Erkut Sönmez, assistant professor of operations management, and four coauthors developed a cost-effective annual delivery program for large-scale suppliers of liquid natural gas. Supported by a National Priorities Research Program award from the Qatar National Research Fund, the researchers conducted a quantitative study of supply chain operations and found that split-delivery programs may help natural gas suppliers save money. Their paper will appear in the April 2016 issue of the European Journal of Operational Research. READ MORE ABOUT THE DELIVERY MODEL »

 

SOCIAL ANIMALS

Assistant Professor of Marketing Nailya Ordabeyeva coauthored a chapter in The Cambridge Handbook of Consumer Psychology, published in November by Cambridge University Press. The chapter, “Social Hierarchy, Social Status, and Status Consumption,” traces social hierarchies back to attributes such as income, gender, occupation, and ancestry, and explores how group members send and receive status symbols in daily life. READ AN ABSTRACT OF ORDABEYEVA’S CHAPTER »

 

DO CREATIVE JOBS STRAIN RELATIONSHIPS?

New research by Associate Professor of Management and Organization Spencer H. Harrison and a coauthor suggests that a creative working life may take its toll on quality time at home. Their study, “Spilling Outside the Box: The Effects of Individuals’ Creative Behaviors at Work on Time Spent with their Spouses at Home,” found that subjects who engaged in activities such as research and creating new ideas at work spent less time with their spouses. The study is forthcoming in the Academy of Management JournalREAD HARRISON’S STUDY »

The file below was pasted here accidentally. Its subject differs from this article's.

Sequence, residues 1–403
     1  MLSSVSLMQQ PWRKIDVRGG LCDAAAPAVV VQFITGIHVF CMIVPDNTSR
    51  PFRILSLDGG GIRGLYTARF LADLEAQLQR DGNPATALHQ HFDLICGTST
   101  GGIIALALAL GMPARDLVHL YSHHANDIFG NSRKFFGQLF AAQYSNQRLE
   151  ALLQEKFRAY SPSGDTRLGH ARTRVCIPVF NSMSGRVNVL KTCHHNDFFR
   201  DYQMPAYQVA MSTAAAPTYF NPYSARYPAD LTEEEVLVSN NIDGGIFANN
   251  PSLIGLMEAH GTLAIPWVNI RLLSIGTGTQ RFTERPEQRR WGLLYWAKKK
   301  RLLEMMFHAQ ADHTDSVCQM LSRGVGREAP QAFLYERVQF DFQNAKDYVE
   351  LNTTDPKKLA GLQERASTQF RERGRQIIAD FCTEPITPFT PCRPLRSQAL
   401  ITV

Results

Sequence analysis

More faculty research »

Game on

 

News outlets around the world have reported that Dragonwood, Associate Professor of Finance and Hillenbrand Faculty Fellow Darren Kisgen’s award-winning children’s fantasy adventure card game, has sold more than 20,000 copies since its release last summer. Kisgen created the game for his children, borrowing ideas from poker and rummy and combining them with a fantasy world of goblins and dragons, he told the Associated Press. Read the AP story »

Michael G. Pratt

In the news

 

HAPPY TELECOMMUTERS, LONELY OFFICES

O’Connor Family Professor Michael G. Pratt and a coauthor’s recent critical study of workplaces in which some employees telecommute and others do not was featured in Money and MIT Sloan Management Review. The paper, “Contagious Offsite Work and the Lonely Office: The Unintended Consequences of Distributed Work,” gives evidence that working with telecommuters can take a toll on the motivation and productivity of employees who work in the office. READ THE PAPER IN THE ACADEMY OF MANAGEMENT DISCOVERIES JOURNAL »

 

DISPATCHES ON DATA

Since September, Associate Professor of Information Systems Sam Ransbotham, guest editor of the “Data and Analytics” section of MIT Sloan Management Review (MIT SMR), has published three posts on topics such as “Secrets in the Age of Data,” the analytics behind the sharing economy, and ethical considerations that accompany big data analytics. Ransbotham also interviewed Greg Jones, vice president of enterprise data and analytics at Equifax, and Hugh Scandrett, vice president of engineering for EnerNOC, for MIT SMR. READ MORE “DATA AND ANALYTICS” POSTS »

 

“FANTASY” ACCOUNTING NUMBERS CAN SPELL TROUBLE

The New York Times cited a 2002 study by Associate Professor of Accounting Mark Bradshaw and a coauthor in an October 30 article about the decline of pharmaceutical company Valeant and the dangers of adjusting accounting numbers or excluding key calculations to create pro forma financial results. Conclusions that look good on paper may not always reflect reality, the research showed. READ THE FULL ARTICLE »

 

More in the news »